While working from home have you had a cheeky nap? Don’t feel guilty. Research shows a brief kip boosts productivity. But will it catch on in the office?
Naps need to hire a publicist. Not in China, where desk-side snoozes are a constitutional right; Japan, where inemuri (“sleeping while present”) is a sign you’ve been working hard; or Spain, where siestas are woven into the social fabric. But in the UK, US, Australia and many other western countries – where capitalist rat races are fuelled by flat whites and billable hours – naps have a major image problem. They’re linked with laziness and lethargy; with people who can’t be bothered to get through the day.
Yet now is the perfect time to rebrand them as something we associate with a productive lifestyle. Go for a run! Guzzle a green juice! Take a nap! With a large proportion of people working from home (it is estimated that half the UK workforce will still be doing so at the end of 2020), lots of us have more control than ever over what our working day looks like. Our boss overlords have been forced to loosen the reins. Aside from those awkward Zoom team check-ins we’re pretty much free to do as we please as long as we get our work done. Should we so desire, we can take a 20-minute kip after lunch and emerge pin-sharp for a busy afternoon. After all, the sofa is right there, beckoning us over to enjoy a moment of shut-eye.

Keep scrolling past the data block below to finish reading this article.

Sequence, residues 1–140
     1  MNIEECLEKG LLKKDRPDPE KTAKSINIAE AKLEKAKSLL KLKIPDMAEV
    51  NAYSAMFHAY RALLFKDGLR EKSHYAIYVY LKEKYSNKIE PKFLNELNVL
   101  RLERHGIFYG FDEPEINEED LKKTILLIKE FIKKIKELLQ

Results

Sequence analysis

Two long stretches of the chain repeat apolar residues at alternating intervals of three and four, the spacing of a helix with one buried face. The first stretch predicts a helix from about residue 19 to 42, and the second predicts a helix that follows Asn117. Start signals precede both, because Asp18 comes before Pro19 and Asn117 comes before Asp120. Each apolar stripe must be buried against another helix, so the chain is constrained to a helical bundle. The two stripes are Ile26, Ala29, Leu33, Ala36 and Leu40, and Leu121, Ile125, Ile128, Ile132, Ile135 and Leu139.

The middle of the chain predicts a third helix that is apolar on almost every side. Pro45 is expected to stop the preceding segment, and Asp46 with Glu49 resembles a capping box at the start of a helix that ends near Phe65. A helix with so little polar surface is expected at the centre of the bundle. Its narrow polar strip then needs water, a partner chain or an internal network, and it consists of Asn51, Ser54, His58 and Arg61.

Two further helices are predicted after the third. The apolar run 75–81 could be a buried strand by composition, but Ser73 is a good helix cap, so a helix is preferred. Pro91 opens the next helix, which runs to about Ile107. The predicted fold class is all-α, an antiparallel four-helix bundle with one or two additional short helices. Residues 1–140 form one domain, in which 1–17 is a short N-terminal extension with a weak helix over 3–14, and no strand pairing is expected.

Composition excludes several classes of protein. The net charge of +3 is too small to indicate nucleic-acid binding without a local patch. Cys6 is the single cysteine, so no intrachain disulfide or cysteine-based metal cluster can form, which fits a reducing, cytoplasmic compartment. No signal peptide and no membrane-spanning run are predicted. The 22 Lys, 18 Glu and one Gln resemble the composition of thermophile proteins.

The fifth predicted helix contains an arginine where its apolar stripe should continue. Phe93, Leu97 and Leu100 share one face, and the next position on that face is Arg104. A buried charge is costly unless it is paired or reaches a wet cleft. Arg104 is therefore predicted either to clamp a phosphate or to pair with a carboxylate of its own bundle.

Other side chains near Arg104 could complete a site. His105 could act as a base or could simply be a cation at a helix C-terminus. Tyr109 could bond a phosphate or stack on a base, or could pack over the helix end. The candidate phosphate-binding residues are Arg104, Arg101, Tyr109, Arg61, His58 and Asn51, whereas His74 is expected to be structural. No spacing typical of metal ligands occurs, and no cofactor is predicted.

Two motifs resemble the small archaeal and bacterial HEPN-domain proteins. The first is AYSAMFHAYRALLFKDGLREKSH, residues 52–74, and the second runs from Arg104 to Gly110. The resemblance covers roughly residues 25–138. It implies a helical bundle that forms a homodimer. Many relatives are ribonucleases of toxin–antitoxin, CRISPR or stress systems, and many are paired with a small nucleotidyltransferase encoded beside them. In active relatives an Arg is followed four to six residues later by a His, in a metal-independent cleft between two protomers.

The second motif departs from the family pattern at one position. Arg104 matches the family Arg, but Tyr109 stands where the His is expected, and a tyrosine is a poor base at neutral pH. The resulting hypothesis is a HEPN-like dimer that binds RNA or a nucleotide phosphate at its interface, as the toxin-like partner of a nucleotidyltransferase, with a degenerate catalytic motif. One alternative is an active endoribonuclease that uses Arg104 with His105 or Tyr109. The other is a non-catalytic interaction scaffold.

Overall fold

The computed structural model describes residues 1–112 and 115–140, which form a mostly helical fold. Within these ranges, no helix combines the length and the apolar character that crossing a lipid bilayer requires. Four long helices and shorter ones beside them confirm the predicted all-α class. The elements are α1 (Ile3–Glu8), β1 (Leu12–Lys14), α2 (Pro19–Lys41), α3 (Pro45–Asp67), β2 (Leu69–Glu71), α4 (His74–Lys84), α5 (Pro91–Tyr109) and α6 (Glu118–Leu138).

There are signs people have already started slipping naps into their routines since working remotely. One survey of 2,000 Americans found 33% were napping daily, while another revealed 25% of Brits were doing the same. A social-media sweep I conducted agreed: from LA to Manila, countless professionals in fields including journalism, law and marketing confessed to enjoying a 20-minute zizz. (Personally, I’ve settled on 12 minutes as the ideal duration.)